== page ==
Discussion about a healthy diet and inflammatory arthritis.
A dietitian's advice about what you should be eating.
Options for when you struggle to prepare food for yourself.
A healthy weight is important for managing your arthritis.
People with PsA often experience Fatigue. Read about ways to help manage it.
Are your PsA symptoms affecting your sleep, or is your trouble sleeping making your symptoms worse?
Learn how your PsA and other factors may be causing your extreme tiredness.
Discussion about achieving effective therapy in inflammatory diseases.
A discussion on strategies for managing your mental health.
If you have PsA and smoke, you could be at risk of worsening your symptoms.
Read more about ‘Complementary therapies’ for arthritis.
Read about the effect of acupuncture on PsA.
Fish oils can help reduce inflammation and support general health.
Living with PsA can affect your mental wellbeing. Read about strategies to help manage your mental health.
Read about protecting your joints while doing daily activities.
Learning more about arthritis and how it is managed can help provide supportive care and assistance.
Discussion about PsA and how it may affect you.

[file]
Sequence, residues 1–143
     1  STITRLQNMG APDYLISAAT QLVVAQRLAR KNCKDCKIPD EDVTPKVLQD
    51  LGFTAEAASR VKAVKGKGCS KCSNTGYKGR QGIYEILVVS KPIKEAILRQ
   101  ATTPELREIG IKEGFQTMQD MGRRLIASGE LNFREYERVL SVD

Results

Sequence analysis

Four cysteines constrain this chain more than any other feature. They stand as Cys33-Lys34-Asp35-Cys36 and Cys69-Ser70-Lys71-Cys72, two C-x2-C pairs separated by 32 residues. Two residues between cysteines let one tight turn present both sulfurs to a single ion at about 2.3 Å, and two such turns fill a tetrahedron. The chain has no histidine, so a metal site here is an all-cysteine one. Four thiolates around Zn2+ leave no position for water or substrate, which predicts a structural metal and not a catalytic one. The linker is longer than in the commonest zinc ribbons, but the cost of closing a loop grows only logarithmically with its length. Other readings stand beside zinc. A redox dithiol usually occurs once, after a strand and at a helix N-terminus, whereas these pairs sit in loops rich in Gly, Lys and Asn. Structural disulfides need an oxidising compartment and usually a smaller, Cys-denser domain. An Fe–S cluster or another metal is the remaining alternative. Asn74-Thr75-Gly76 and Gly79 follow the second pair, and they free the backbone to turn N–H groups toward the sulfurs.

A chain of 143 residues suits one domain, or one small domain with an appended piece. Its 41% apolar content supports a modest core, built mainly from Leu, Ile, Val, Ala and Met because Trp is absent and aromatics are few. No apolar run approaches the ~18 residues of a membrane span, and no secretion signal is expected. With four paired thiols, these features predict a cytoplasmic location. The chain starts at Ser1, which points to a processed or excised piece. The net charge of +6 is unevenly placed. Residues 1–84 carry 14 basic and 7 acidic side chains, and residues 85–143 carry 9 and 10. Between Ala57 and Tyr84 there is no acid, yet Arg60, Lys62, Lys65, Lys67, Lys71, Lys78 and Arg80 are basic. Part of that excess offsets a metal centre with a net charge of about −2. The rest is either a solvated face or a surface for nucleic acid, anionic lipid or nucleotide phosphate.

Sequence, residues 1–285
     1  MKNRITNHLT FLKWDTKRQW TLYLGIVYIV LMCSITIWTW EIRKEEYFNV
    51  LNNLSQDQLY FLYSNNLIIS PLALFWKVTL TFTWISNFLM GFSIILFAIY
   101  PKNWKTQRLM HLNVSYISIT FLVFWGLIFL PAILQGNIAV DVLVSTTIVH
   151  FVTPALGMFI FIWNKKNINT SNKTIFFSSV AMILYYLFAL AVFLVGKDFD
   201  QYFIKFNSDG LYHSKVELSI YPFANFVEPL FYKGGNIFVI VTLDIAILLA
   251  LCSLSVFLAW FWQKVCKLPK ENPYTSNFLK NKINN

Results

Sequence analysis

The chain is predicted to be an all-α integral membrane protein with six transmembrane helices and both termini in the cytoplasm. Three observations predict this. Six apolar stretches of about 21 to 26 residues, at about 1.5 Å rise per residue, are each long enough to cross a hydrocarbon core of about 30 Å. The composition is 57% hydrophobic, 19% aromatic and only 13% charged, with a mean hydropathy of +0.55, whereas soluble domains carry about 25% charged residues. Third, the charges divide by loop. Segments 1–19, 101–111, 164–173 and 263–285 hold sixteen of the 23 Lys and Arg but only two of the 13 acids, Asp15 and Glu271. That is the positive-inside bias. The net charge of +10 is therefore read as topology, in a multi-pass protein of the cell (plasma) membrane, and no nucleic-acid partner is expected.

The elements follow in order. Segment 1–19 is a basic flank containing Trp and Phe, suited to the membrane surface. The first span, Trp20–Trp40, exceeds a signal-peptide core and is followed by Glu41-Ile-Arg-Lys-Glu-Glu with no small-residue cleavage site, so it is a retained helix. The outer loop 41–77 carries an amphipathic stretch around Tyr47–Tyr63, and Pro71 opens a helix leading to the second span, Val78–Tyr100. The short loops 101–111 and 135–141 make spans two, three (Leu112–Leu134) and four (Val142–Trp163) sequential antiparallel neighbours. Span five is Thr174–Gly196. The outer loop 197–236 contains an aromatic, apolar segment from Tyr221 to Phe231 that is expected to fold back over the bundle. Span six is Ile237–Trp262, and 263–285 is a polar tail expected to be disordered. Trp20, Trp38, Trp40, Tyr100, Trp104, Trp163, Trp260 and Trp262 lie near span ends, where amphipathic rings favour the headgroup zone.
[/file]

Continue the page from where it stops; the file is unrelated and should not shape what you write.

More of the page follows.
Discussion about the many ways PsA can present in someone.
Discussion about the prevalence of undiagnosed inflammatory arthritis in the community.
Suzie talks about the first steps to take following a diagnosis of inflammatory arthritis.
If you think you might have PsA, complete this questionnaire & take it to your doctor.
People with PsA typically have Psoriasis, a condition characterised by the rapid growth of skin cells.
Enthesitis can cause pain and stiffness at the point where the tendons and ligaments attach to the bone.
Uveitis is inflammation in the eye. Find out about causes, symptoms and treatments.
Arthritis can affect many areas of the body. Read about the different areas of the body it can affect.
Read how arthritis can affect joints in your ankles, feet and toes.